“We all noticed the cathartic nature of our meeting”, said Wanna. “I know I am not at fault for my father’s actions, but I believe listening to survivor accounts and offering an apology on his behalf requires relatively little effort on my part, and could potentially alleviate substantial suffering for them.” 

This meeting and those that followed eventually resulted in the formation of Kapwa Pilipinas, an organization that promotes empathy and reconciliation for victims and perpetrators of human rights violations. Wanna, along with Michelle, Buhay and his wife were among the founders.

“It would be difficult for Marcos Jr. to revise history and dispute our past while a Ver is trying to record it,” said Buhay.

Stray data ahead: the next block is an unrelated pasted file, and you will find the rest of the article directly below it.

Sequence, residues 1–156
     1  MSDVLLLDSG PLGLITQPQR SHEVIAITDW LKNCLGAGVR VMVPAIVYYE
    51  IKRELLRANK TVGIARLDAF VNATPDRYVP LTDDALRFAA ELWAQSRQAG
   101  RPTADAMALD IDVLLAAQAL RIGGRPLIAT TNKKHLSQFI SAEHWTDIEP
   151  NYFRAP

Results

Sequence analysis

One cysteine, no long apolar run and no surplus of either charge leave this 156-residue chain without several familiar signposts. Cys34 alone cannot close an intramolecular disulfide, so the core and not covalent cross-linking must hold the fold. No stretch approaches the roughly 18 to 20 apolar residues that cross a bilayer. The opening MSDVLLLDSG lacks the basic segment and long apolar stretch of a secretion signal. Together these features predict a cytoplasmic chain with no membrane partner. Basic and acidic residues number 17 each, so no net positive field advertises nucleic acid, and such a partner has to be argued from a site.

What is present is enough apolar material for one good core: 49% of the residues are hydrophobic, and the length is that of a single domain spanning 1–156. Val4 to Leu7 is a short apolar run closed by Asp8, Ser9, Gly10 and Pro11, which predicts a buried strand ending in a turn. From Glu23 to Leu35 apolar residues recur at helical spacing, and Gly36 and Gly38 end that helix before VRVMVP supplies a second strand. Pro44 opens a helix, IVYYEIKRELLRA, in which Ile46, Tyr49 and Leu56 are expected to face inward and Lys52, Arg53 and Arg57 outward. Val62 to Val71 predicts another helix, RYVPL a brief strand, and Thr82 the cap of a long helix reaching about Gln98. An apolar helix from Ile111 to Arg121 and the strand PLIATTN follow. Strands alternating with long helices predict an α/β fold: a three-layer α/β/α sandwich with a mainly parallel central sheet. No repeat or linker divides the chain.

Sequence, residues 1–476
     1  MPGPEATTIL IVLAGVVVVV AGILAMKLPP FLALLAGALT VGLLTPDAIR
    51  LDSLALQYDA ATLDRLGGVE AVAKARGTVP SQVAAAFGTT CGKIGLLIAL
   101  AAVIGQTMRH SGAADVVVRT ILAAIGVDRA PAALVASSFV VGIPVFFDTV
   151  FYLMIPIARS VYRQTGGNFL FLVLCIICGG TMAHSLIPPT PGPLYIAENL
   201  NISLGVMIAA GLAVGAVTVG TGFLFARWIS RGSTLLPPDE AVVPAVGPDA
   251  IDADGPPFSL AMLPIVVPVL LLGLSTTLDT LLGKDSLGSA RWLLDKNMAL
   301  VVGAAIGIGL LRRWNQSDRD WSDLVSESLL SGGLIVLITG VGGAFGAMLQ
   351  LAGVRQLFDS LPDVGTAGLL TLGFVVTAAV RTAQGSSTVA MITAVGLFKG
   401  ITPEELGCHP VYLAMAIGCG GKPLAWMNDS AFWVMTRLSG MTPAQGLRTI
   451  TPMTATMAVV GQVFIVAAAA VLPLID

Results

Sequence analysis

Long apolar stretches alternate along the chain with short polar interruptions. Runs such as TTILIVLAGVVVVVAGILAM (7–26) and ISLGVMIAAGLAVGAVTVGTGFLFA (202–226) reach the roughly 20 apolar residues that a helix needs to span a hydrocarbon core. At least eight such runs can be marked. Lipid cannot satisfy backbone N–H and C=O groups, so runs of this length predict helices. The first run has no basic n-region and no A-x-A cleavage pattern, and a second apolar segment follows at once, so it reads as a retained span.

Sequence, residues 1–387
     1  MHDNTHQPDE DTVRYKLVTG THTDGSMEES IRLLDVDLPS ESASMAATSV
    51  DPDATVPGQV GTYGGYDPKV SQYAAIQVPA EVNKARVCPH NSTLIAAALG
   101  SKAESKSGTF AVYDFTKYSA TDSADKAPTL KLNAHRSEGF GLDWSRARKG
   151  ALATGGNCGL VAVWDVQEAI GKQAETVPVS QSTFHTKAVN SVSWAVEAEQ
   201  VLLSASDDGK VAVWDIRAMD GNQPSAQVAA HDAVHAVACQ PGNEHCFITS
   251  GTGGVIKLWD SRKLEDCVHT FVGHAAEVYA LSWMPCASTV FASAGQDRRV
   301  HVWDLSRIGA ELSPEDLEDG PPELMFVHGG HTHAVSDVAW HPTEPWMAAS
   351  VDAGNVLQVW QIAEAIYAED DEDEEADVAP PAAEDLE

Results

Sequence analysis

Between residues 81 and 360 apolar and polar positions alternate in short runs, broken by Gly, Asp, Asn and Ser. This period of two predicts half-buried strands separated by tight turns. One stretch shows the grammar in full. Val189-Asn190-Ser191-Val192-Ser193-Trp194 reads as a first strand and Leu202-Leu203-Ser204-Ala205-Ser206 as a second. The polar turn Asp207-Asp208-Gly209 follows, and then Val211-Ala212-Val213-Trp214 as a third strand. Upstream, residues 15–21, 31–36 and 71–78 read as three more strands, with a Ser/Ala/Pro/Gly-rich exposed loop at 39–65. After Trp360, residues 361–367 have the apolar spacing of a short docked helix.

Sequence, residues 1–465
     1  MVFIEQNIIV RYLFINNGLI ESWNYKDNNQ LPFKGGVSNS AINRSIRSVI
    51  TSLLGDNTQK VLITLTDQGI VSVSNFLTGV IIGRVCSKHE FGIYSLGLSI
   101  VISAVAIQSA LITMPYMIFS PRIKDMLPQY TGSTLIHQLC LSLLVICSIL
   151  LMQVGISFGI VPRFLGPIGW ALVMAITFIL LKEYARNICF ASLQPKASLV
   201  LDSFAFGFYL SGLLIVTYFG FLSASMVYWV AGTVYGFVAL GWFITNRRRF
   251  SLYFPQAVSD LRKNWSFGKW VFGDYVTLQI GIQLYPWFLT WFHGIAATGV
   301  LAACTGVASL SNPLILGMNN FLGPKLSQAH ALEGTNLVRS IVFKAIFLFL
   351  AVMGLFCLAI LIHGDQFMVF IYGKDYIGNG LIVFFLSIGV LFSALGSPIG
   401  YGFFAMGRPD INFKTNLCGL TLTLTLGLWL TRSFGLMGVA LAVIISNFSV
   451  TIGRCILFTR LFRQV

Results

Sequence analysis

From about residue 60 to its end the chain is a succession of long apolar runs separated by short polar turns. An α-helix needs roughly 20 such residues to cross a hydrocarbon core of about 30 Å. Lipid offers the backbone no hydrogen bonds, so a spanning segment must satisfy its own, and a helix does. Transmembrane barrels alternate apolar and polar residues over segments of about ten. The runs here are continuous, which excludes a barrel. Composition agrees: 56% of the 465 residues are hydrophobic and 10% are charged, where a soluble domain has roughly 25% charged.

Nolasco Buhay received a $1000 compensation as part of Swift’s class action case. Photo: Nolasco Buhay

Seeking elusive justice 

The team also interviewed abuse survivors, including writer Aida Fulleros Santos-Maranan, who was arrested in 1976. Maranan said she was physically abused, sexually molested, and psychologically tortured by being forced to play Russian roulette. Many arrests like hers were not recorded, she said, and although more than 11,000 Marcos victims had received compensation, many more were found ineligible. The government’s Human Rights Victims’ Claims Board was not given enough time and resources to conduct a thorough investigation, she said. 

The trail of martial-law abuses led to the United States and the cases of Silme Domingo and Gene Viernes, U.S.–born Filipino labor union organizers and U.S. citizens who were murdered in Seattle in 1981. Their deaths were part of a Philippine intelligence operation to suppress anti-Marcos dissidents abroad.